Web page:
How to develop an international pricing strategy

Thinking of expanding and operating in other countries around the world? Here’s everything you need to know about developing a top international pricing strategy.

Technology has opened up the door to a whole host of opportunities for businesses in recent years. Whether you’re a small independent retailer or an established large company, everyone has the ability to sell in every time zone.

However, if your business is thriving in one country, it doesn’t necessarily mean that you’ll enjoy the same success in a neighbouring one too. In order to achieve this in other markets around the world, you need to globalise and create a strategy tailored to suit every target audience.

Establishing a price

The first thing to understand before you create your international pricing strategy is considering the strength of the currency in each country or territory you plan to operate in. This will then allow you to adapt the price of a product or service depending on the country’s level of wealth and growth.

For instance, when Apple first released the 128gb iPhone 7 Plus, they charged around £819 in the UK but only £660 in the United States. The difference in prices boiled down to the current exchange rate, shipping costs and tax implications in the UK. Like thousands of other brands around the world, Apple takes various factors into account before developing their international pricing strategy.

Trying to set a fair and attainable price across different countries is challenging. It can also have a huge impact on whether your business will float or sink.

Before launching your goods or services abroad, you need to consider the 4 C’s:

  • Company – costs and goals.
  • Customers – their level of price sensitivity, the certain segments they come under and their preferences.
  • Competition – the structure of the market and how intense the competition is from other businesses in the same industry.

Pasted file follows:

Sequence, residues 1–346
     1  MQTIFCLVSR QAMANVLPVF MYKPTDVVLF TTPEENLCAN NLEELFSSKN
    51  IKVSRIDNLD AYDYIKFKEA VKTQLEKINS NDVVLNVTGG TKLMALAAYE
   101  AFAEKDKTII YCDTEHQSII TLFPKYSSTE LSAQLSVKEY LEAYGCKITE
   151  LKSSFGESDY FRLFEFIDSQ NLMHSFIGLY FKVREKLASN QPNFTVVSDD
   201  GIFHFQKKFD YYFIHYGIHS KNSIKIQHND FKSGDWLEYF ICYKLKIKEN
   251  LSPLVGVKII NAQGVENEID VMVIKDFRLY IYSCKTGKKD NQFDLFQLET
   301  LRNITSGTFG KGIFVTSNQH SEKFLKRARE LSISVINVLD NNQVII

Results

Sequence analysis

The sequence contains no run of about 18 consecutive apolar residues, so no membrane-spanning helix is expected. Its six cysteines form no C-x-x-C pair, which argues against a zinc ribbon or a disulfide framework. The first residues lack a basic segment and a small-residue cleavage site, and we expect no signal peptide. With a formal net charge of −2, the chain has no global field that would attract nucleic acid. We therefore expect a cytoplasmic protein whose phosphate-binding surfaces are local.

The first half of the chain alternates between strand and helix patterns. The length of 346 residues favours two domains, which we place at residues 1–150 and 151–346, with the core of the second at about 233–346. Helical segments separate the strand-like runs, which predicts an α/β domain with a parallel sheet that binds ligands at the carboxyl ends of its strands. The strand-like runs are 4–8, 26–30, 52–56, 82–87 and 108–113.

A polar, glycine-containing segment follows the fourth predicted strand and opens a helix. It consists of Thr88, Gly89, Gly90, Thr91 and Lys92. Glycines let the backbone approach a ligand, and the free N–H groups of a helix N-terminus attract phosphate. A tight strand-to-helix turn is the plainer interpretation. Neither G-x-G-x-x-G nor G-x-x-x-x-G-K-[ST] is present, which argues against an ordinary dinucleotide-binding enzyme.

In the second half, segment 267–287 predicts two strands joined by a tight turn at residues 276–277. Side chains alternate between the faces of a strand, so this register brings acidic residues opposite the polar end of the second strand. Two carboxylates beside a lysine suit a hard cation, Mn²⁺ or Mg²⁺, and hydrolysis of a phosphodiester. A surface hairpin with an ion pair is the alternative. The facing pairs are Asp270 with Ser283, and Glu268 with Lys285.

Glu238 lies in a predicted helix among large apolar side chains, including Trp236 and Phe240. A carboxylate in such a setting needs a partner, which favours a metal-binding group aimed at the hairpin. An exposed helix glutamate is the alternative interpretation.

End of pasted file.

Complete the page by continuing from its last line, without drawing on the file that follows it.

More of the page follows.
• Channels – how and where you are planning to distribute your goods or services.

Once you’ve got to grips with these 4 C’s, you’ll start to form a better picture of how to set your prices internationally.

Further elements to factor in

You should always assess a country’s governmental influence on pricing before setting a strategy. For some countries, their government monitors and sets pricing on products and services of non-domestic business entities, which could impact the outcome of your international strategy.

Furthermore, it’s vital that you carry out a full analysis of the target market to establish whether there’s a demand for your business or not. If you’re unsure, you might want to consider focusing on a different country or lowering the price of your service or products even further.

Penetration pricing is a good way of testing the market and sparking interest in new countries. This term is used when a company issues a good or service for a low cost from the outset to earn a market share. Once a company has achieved this, they can increase prices elsewhere or upsell. Sky TV used this method by offering free telephones or satellite dishes for a small cost to encourage more sign-ups. Once they attained a bigger audience, they started to increase their rates and offer different packages for more money.

Penetration pricing is particularly useful if you’re looking to sell an ongoing service like consultancy or accounting.

Covering every angle

If you want to ensure your international pricing strategy is a success, you should consider every possible avenue.

For starters, evaluate your existing pricing strategy to see why it works, what the margins are, the Cost of Goods Sold (COGS) and whether your offering falls under the premium or lower-cost bracket. You can then use this information to form the basis of how your international pricing strategy is going to work in particular countries. For example, will you incur additional costs via tax, shipping etc. that will impact your COGS? And will you need to bring in more resource to cater for the new audience?

Conducting a review of the current state of the country’s currency can also give you a clear understanding of how much you need to charge.

Tax rates in the country of operation can also chew into any profits, so be sure to work these out as well.

If you’re looking to move into more than one country, you’ll need to think about whether you wish to standardise or adapt your pricing for every market. Again, to reach a conclusion, this will require a high-level of research and analysis.

The final point to remember is to select your International Commercial Terms (“Incoterms”). These guidelines will enable you to assume the risk and costs for different elements of the shipping process to other companies. In turn, this will safeguard you in case a product is damaged on delivery. Obviously, this only applies if you are selling a product.

Conclusion

However you decide to develop your international pricing strategy, just remember to be thorough. If you get these basic fundamentals right from the beginning, it should set your business up for a prosperous future in different markets.

For further guidance on international pricing, feel free to get in touch with our expert team.